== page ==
Robert Louis Stevenson once said: "Everyone lives by selling something." All of us are continuously selling either our products and services, or our ideas. But with the exception of consummate sales professionals, most of us are unaware of the psychology of selling in our daily lives and, it is safe to say, that most of us also cringe at the idea of using selling tactics and techniques that might be considered manipulative. This is, however, shortsighted. Rather than discount this body of knowledge, we simply need to use it with honesty and integrity, not to manipulate, but to win people over.
So, "do no harm" should always be the foundation of any sales approach. With this in mind, here are a few tips for refining your sales approach so that you successfully sell your products, services, or ideas.
1. View each sales approach as an experiment
In This Will Make You Smarter: New Scientific Concepts To Improve Your Thinking, Roger Schank, psychologist and computer scientist, states that experimentation is something that we all do, in every aspect of our lives. People who "don't see their actions as experiments, and don't know how to reason carefully from data, will continue to learn less well from those who do," Schank says. The scientists' approach of carefully considering the results of an experiment helps them to run the experiment again with better results. The same concept can apply to sales: Careful examination of our sales approach will help us discard what doesn't work and replace it with more effective techniques.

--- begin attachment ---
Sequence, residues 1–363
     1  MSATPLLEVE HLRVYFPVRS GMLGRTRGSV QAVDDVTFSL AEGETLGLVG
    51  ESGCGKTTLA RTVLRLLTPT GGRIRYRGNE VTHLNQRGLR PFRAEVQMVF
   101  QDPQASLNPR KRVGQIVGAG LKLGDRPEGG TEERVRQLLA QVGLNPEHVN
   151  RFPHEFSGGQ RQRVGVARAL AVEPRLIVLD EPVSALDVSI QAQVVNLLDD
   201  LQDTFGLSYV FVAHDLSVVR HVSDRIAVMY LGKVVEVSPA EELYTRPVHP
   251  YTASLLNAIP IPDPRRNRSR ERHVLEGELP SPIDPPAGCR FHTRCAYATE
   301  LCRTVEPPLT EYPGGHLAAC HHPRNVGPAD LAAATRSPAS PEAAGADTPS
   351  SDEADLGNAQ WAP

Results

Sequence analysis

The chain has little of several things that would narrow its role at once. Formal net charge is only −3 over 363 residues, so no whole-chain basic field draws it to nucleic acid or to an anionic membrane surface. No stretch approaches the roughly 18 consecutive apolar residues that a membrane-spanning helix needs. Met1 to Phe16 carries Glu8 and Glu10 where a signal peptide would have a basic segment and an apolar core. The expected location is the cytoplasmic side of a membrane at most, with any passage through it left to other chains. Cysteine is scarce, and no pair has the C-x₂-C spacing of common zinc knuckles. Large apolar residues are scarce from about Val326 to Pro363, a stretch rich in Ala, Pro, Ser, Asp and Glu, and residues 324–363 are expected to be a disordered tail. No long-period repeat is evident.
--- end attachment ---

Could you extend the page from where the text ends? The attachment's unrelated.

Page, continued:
What do you continuously do that doesn't yield results? For example, do you waste precious hours responding to complex RFPs that you intuitively know are a time sink? What is your ROI on cold calling? Have you analyzed how much talking you do in a sales call versus listening?
2. Increase self-awareness
Know how your personality influences your approach to others. For example, if you are highly extroverted, your usual approach might be to secure a face-to-face meeting during which you will cover a wide range of items, discussed from a larger perspective. However, if you are dealing with an introverted client, you may be more successful having a more in-depth discussion with fewer topics. Neither is right or wrong-it simply has to do with preferences.
Develop the ability to adapt your style to the circumstance. Observe and listen carefully to gauge your client's approach. This agility in your sales approach honors your client's needs and helps you be in the moment with that person.